Contemporary Continental Political Thought (20 credits)

The course addresses key questions and arguments concerning the relationship between identity, power, meaning and knowledge, through examination of key figures in contemporary Continental political thought and philosophy. Specific content varies from year to year, but may include key texts from Nietzsche, Heidegger, Adorno, Sartre, Lacan, Irigaray, Foucault, Ranciere, and Deleuze & Guattari.

The European Philosophical Trajectory (20 credits)

The unit will involve ten two-hour seminars on key figures in European Philosophy. The course will run through a number of central figures and problems from Immanuel Kant to the work of Jacques Derrida and Theodor Adorno. Texts will not necessarily be read in their entirety.

Twentieth Century French Thought (20 credits)

This course will trace the development of French philosophical thought from its early assimilation of Husserl’s phenomenology to later post-modern and post-structuralist thinkers. The course is research-led, and so specific philosophers covered on the course are subject to change, but indicative philosophers would include Gabriel Marcel, Maurice Merleau-Ponty, Gilles Deleuze, Michel Foucault, and Alain Badiou.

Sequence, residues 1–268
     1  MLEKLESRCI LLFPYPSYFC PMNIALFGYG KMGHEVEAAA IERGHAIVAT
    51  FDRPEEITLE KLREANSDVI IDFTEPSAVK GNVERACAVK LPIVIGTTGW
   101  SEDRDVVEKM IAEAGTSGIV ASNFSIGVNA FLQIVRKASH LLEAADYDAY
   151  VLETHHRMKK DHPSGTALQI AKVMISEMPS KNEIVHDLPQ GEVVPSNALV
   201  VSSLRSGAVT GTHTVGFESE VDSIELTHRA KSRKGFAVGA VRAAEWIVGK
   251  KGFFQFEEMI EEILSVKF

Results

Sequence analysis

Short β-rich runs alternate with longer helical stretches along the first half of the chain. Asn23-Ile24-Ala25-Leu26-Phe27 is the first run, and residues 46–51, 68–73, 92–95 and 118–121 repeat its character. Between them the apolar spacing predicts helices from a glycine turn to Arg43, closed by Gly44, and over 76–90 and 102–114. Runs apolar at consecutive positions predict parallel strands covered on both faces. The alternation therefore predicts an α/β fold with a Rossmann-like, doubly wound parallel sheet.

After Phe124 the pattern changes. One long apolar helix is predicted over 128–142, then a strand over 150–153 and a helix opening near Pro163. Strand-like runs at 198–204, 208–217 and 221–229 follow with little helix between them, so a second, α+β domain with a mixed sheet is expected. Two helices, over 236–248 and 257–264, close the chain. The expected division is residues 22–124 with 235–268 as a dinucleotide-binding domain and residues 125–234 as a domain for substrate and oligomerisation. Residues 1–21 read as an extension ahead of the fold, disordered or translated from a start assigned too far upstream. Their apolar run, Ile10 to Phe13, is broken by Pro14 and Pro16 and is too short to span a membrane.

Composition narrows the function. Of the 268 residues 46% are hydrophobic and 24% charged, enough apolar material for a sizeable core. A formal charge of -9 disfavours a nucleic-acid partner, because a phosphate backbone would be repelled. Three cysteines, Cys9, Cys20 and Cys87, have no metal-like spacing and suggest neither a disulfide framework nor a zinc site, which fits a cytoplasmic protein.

Dissertation on European Philosophy (60 credits)


Elective course units:

Adorno and Critical Theory (20 credits)

Anglo-American Political Theory (20 credits)

Continental Aesthetics (20 credits)

Human Rights (20 credits)

Identity, Power and Radical Political Theory (20 credits)

Issues in Normative Epistemology (20 credits)

Legacies of Wittgenstein (20 credits)

Neo-Platonism (40 credits)

Political Concepts (20 credits)


On completion of the course graduates will have:

  • a knowledge of the broad range of philosophical approaches adopted in the European tradition, such as phenomenology, existentialism, hermeneutics, and transcendental empiricism

  • detailed understanding of some of the key philosophers in the European tradition

  • an ability to read complex philosophical texts with an appreciation of the role of style and context in their composition

  • an understanding of the broader philosophical landscape, and the place of European philosophy within it.


Assessment is carried out by a variety of methods including coursework and a dissertation.

Employability & career opportunities

Our graduates are highly employable and would be prepared for careers in a wide range of areas. This course also equips you with the subject knowledge and a solid foundation for continued PhD studies. 


Related courses